|Filed July 25, 2007|
Joan Mann, Ken Danks d/b/a TEK Industries, Tracy Wilkie, Christa Monette, and other persons similarly situated, Plaintiffs and Appellants
North Dakota Tax Commissioner, Cory Fong, Defendant and Appellee
North Dakota Treasurer, Kelly Schmidt, Defendant
Appeal from the District Court of Mountrail County, Northwest Judicial District, the Honorable William W. McLees, Judge.
AFFIRMED AS MODIFIED.
Opinion of the Court by VandeWalle, Chief Justice.
Vance Gillette (argued), P.O. Box 1577, Minot, N.D. 58702-1577, for plaintiffs and appellants.
Daniel Lucian Rouse (argued) and Donnita Ann Wald (appeared), Special Assistant Attorneys General, Tax Department, 600 East Boulevard Avenue, Bismarck, N.D. 58505-0599; and Robert W. Wirtz (on brief), Special Assistant Attorney General, 1002 North 2nd Street, Bismarck, N.D. 58501, for defendants and appellee.
Mann v. North Dakota Tax Commissioner
VandeWalle, Chief Justice.
[¶1] Joan Mann, Ken Danks, doing business as TEK Industries, Tracy Wilkie, and Christa Monette ("plaintiffs") appealed from an order denying reconsideration, and from an underlying judgment denying their motion to declare the state fuel tax refund process unlawful, denying their request for class certification, and granting their motion for summary judgment to the extent the court found a six year statute of limitations applies. We conclude the statutory refund process is not unlawful, the district court did not abuse its discretion in denying class certification, and the court did not abuse its discretion in denying the plaintiffs' request for attorney's fees. We modify the statute of limitations look-back period for the plaintiffs' refund claims, and we affirm the judgment as modified.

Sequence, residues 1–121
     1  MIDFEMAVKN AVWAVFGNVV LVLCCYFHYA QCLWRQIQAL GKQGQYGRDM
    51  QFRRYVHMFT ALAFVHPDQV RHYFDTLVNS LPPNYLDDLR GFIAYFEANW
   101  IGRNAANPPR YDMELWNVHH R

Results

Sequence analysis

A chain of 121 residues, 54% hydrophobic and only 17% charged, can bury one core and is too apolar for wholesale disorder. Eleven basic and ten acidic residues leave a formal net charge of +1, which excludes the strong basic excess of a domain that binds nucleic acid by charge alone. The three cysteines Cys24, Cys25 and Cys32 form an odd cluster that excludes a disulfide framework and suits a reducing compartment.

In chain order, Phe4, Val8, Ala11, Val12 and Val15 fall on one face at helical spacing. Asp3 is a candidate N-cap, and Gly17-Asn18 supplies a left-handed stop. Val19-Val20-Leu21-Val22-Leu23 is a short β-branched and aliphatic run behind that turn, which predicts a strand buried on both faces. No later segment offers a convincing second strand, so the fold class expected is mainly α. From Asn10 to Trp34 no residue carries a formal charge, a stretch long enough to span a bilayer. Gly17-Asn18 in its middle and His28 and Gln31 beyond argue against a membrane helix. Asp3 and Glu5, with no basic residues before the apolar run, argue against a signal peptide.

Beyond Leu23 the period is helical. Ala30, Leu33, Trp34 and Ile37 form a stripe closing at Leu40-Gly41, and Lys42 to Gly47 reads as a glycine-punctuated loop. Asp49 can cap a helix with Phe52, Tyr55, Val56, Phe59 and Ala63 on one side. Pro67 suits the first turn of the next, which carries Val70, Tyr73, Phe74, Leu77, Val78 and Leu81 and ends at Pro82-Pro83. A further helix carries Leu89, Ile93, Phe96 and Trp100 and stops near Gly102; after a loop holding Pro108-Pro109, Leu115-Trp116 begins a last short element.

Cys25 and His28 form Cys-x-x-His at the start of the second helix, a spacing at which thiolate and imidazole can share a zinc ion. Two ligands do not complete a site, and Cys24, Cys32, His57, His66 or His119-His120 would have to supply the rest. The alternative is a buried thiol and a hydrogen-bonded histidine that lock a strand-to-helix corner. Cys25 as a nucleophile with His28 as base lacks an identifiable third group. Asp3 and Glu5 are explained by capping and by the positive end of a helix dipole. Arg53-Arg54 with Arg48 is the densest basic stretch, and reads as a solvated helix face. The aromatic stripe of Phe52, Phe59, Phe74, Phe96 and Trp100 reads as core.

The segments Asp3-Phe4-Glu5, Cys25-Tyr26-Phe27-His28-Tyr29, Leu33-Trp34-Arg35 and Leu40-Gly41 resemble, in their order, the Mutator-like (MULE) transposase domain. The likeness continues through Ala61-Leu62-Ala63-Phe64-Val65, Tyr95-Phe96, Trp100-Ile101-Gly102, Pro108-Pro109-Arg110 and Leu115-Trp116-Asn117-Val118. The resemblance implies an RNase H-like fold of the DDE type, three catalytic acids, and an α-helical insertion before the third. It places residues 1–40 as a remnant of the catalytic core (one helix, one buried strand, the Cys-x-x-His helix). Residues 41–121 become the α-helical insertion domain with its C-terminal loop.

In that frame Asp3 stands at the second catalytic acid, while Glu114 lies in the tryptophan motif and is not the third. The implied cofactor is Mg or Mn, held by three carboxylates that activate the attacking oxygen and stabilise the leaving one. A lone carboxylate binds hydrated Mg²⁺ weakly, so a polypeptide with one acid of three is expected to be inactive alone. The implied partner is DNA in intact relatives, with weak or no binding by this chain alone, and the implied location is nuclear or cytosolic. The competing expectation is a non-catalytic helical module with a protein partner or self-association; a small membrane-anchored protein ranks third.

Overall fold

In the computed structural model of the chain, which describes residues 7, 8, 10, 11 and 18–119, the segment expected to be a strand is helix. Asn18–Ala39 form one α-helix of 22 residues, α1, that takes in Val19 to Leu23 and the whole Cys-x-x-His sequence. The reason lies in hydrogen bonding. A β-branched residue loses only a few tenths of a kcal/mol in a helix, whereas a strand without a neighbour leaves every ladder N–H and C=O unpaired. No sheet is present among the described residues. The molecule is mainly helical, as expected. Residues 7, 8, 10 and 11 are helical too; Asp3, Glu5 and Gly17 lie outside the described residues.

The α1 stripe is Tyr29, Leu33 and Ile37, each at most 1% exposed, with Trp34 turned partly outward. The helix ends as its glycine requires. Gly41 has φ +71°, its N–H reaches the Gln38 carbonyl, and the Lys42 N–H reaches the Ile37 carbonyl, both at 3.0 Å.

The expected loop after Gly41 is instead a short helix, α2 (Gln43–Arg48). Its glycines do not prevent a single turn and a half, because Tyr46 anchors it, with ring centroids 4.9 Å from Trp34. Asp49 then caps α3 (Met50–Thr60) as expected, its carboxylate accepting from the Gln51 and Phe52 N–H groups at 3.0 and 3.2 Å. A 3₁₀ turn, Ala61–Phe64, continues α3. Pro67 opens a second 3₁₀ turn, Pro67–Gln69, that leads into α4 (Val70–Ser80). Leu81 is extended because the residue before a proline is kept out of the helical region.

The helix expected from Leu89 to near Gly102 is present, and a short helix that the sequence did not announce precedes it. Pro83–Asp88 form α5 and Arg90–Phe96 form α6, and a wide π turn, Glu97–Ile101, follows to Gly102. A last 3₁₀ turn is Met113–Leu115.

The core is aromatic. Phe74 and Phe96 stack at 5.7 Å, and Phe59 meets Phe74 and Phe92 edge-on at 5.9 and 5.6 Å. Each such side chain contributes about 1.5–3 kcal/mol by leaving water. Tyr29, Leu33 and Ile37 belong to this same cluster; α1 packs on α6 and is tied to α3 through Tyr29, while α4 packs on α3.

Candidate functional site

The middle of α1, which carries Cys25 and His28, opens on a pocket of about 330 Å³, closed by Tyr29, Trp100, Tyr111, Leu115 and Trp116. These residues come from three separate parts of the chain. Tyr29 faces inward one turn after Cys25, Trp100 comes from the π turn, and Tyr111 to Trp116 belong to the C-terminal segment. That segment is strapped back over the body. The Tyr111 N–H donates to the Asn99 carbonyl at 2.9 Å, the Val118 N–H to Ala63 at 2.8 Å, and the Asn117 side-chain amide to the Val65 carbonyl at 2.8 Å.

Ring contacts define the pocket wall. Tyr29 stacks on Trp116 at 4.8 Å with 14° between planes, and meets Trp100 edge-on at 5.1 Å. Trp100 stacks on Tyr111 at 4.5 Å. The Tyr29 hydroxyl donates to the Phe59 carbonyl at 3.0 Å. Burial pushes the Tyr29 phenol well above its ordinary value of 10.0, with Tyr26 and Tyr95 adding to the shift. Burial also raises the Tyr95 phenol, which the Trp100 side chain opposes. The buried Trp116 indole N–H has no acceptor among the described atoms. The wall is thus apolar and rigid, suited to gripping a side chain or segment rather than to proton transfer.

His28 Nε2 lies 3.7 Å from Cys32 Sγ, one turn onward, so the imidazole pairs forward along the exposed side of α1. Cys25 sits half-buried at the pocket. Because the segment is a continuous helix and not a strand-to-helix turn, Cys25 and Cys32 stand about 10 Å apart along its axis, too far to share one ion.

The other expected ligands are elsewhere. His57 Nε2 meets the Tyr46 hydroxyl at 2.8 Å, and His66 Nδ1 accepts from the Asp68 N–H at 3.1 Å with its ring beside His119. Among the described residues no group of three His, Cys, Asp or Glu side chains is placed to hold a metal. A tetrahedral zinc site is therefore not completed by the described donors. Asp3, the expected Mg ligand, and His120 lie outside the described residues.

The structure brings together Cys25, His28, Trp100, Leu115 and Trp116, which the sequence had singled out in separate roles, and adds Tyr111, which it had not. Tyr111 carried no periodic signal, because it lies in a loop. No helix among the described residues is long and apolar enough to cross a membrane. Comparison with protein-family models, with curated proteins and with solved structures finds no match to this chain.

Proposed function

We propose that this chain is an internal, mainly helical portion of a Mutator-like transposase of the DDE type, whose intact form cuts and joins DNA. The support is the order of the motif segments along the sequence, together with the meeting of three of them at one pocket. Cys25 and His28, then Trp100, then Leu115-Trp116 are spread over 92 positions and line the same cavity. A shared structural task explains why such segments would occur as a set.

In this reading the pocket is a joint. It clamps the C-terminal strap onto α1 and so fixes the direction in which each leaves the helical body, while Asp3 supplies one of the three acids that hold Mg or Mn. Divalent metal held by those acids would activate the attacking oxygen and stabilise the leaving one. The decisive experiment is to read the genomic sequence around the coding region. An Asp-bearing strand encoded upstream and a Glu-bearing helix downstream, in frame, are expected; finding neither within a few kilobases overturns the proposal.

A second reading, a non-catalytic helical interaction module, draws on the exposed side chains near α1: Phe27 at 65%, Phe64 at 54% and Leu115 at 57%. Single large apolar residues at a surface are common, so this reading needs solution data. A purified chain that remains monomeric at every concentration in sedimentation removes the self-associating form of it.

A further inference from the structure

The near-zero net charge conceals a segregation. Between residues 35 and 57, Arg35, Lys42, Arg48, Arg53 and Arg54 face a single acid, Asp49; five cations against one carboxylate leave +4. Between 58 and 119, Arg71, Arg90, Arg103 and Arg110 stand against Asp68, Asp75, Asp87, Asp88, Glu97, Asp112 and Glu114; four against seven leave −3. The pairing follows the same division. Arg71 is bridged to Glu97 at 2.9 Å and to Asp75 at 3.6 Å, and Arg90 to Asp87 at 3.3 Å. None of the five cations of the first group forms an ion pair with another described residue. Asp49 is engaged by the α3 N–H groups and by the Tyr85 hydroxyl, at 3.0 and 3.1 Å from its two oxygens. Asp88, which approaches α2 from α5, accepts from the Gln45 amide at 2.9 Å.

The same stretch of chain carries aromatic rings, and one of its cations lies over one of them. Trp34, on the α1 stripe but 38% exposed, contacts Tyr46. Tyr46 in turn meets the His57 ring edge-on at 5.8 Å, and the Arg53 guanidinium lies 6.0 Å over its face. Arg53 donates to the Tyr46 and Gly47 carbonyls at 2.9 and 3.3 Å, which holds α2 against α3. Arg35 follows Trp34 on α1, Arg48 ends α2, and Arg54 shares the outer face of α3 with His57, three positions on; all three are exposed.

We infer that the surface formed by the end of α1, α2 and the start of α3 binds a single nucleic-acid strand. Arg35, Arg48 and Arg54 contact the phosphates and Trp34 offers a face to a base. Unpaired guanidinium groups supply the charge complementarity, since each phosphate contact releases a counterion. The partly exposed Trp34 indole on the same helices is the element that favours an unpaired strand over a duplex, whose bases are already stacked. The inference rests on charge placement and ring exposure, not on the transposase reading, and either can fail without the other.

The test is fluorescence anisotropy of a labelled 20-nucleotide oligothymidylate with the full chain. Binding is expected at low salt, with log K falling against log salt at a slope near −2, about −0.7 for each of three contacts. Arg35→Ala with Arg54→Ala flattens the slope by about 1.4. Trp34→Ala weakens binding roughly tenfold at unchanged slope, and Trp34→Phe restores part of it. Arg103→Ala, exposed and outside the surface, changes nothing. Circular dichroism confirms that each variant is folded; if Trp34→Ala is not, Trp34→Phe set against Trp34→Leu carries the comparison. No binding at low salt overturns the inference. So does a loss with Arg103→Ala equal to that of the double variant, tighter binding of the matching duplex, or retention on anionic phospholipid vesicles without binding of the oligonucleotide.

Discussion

[¶2] The plaintiffs are Native Americans. Mann is a member of the Three Affiliated Tribes, owns Mann Enterprises, and lives on the Fort Berthold Indian Reservation. Danks is also a member of the Three Affiliated Tribes, owns TEK Industries, and lives on the Fort Berthold Indian Reservation. Wilkie and Monette are members of the Turtle Mountain Band of Chippewa Indians and reside on the Turtle Mountain Indian Reservation.
[¶3] In August 2003, the plaintiffs sued the State under federal and state law, seeking a declaration that it is illegal for the State to impose a motor vehicle fuel tax under N.D.C.C. ch. 57-43.1 on fuel they purchased on their respective reservations and seeking a refund of the taxes they already paid. They also requested the district court certify the action as a class action. The plaintiffs sought declaratory and injunctive relief, requesting a permanent injunction barring imposition of the motor vehicle fuels tax on their reservations. The State moved to dismiss, arguing the fuels tax could lawfully be imposed and collected on the reservations under the Hayden-Cartwright Act, 4 U.S.C. § 104.